We demand the immediate cessation of the war against liberty, begun by Spain and continued by us. We urge that Congress be promptly convened to announce to the Filipinos our purpose to concede to them the independence for which they have so long fought and which of right is theirs.

The United States have always protested against the doctrine of international law which permits the subjugation of the weak by the strong. A self governing state cannot accept sovereignty over an unwilling people. The United States cannot act upon the ancient heresy that might makes right….

We deny that the obligation of all citizens to support their Government in times of grave National peril applies to the present situation. If an Administration may with impunity ignore the issues upon which it was chosen, deliberately create a condition of war anywhere on the face of the globe, debauch the civil service for spoils to promote the adventure, organize a truth suppressing censorship and demand of all citizens a suspension of judgement and their unanimous support while it chooses to continue the fighting, representative government itself is imperiled….

We propose to contribute to the defeat of any person or party that stands for the forcible subjugation of any people. We shall oppose for reelection all who in the White House or in Congress betray American liberty in pursuit of un-American gains. We still hope that both of our great political parties will support and defend the Declaration of Independence in the closing campaign of the century.

We hold, with Abraham Lincoln, that "no man is good enough to govern another man without that man’s consent. When the white man governs himself, that is self-government, but when he governs himself and also governs another man, that is more than self-government that is despotism." "Our reliance is in the love of liberty which God has planted in us. Our defense is in the spirit which prizes liberty as the heritage of all men in all lands. Those who deny freedom to others deserve it not for themselves, and under a just God cannot long retain it."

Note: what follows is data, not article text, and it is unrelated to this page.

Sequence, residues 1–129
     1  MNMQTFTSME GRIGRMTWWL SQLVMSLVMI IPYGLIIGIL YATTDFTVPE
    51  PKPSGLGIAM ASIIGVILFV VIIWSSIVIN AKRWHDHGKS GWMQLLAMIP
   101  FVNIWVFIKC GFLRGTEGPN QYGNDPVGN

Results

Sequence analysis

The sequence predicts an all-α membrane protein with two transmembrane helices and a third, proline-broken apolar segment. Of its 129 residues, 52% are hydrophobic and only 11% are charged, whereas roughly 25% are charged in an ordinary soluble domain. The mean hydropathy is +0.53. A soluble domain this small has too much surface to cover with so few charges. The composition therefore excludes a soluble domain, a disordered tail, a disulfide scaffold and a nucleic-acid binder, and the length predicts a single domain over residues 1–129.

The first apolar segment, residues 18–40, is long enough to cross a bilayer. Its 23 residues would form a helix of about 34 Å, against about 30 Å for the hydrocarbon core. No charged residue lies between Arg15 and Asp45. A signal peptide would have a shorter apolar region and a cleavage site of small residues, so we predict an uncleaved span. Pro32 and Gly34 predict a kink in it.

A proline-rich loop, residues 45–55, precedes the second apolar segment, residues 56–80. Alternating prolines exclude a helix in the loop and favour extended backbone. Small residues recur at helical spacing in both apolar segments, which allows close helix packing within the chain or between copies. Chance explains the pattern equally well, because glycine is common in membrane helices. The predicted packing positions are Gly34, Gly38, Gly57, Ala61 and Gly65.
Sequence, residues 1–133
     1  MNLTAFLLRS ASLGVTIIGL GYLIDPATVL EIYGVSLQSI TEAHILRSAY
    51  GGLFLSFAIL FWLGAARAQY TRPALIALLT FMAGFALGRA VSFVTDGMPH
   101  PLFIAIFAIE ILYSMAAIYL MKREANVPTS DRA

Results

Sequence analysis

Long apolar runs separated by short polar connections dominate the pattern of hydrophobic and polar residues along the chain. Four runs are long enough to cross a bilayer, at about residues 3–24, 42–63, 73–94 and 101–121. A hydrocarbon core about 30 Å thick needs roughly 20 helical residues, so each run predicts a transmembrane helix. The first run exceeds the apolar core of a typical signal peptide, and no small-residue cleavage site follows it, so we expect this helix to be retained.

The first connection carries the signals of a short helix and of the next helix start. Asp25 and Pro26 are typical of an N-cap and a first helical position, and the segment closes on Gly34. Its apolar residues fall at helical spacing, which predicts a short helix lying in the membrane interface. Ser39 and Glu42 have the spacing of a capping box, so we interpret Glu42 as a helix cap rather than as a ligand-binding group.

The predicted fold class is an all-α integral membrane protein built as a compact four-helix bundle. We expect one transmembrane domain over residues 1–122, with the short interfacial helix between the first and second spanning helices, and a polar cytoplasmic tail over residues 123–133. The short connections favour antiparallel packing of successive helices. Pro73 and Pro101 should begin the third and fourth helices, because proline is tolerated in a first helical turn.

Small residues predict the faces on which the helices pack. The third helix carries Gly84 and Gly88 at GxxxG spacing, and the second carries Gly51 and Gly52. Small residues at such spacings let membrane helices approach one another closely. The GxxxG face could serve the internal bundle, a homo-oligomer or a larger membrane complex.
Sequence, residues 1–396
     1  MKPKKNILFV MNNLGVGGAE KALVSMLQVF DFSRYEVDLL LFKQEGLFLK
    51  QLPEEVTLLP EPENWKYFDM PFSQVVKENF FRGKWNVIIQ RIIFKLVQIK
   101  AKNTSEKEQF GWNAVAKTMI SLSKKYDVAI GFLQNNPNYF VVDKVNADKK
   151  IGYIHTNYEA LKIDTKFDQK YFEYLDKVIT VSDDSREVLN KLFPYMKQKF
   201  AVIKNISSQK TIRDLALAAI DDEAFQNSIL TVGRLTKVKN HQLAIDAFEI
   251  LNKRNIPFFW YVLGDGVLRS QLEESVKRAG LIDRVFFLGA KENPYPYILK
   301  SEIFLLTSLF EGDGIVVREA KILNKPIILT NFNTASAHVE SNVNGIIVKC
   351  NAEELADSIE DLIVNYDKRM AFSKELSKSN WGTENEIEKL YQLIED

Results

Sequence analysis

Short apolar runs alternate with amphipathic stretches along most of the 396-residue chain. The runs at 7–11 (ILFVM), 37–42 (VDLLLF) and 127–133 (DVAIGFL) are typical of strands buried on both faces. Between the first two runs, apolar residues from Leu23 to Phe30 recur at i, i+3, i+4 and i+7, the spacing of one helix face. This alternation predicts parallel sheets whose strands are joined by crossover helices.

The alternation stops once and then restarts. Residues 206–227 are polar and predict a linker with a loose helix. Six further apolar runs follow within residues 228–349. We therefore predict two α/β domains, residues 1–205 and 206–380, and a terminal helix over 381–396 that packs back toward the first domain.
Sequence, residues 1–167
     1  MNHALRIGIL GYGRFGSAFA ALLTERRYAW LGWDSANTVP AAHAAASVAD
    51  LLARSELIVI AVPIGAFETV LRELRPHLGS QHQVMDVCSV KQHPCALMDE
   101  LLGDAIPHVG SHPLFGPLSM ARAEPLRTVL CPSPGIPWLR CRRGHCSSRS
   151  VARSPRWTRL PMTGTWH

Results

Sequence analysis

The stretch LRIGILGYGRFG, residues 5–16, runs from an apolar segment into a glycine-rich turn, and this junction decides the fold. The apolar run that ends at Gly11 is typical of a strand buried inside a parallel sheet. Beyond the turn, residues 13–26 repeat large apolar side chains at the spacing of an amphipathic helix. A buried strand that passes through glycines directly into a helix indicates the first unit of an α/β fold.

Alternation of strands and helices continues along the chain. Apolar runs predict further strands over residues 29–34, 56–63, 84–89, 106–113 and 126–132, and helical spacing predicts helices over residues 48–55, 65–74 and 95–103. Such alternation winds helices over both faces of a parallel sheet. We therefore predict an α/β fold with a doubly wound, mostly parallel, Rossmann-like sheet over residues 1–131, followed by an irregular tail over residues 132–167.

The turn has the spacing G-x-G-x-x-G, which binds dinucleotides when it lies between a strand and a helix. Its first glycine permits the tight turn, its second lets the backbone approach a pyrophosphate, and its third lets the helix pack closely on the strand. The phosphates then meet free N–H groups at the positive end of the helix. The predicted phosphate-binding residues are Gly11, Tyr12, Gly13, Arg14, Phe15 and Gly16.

Public domain. From Speeches, Correspondence and Political Papers of Carl Schurz, edited by Frederic Bancroft. Copyright © 1913. G.P. Putnam’s Sons. http://www.wwnorton.com/college/history/ralph/workbook/ralprs30a.htm.




Supporting Question 3


Featured Source

Source B: William Jennings Bryan, anti-imperialism speech in Indiana, “Imperialism: Flag of an Empire” (excerpts), 1900

[27] Those who would have this nation enter upon a career of empire must consider not only the effect of imperialism on the Filipinos, but they must also calculate its effects upon our own nation. We cannot repudiate the principle of self-government in the Philippines without weakening that principle here.

[28] Lincoln said that the safety of this nation was not in its fleets, its armies, or its forts, but in the spirit which prizes liberty as the heritage of all men, in all lands, everywhere, and he warned his countrymen that they could not destroy this spirit without planting the seeds of despotism at their own doors….

[32] Our opponents, conscious of the weakness of their cause, seek to confuse imperialism with expansion, and have even dared to claim Jefferson as a supporter of their policy. Jefferson spoke so freely and used language with such precision that no one can be ignorant of his views. On one occasion he declared: “If there be one principle more deeply rooted than any other in the mind of every American, it is that we should have nothing to do with conquest.” And again he said: “Conquest is not in our principles; it is inconsistent with our government.”

[33] The forcible annexation of territory to be governed by arbitrary power differs as much from the acquisition of territory to be built up into states as a monarchy differs from a democracy. The democratic party does not oppose expansion when expansion enlarges the area of the republic and incorporates land which can be settled by American citizens, or adds to our population people who are willing to become citizens and are capable of discharging their duties as such.

Public domain. Available at http://voicesofdemocracy.umd.edu/william-jennings-bryan-imperialism-speech-text/.



Supporting Question 3


Featured Source

Source C: Mark Twain, a collection of anti-imperialism critiques, 1900–1901

NOTE: Mark Twain, explanation of opposition of United States imperialists’ policies, New York Herald, October 15, 1900.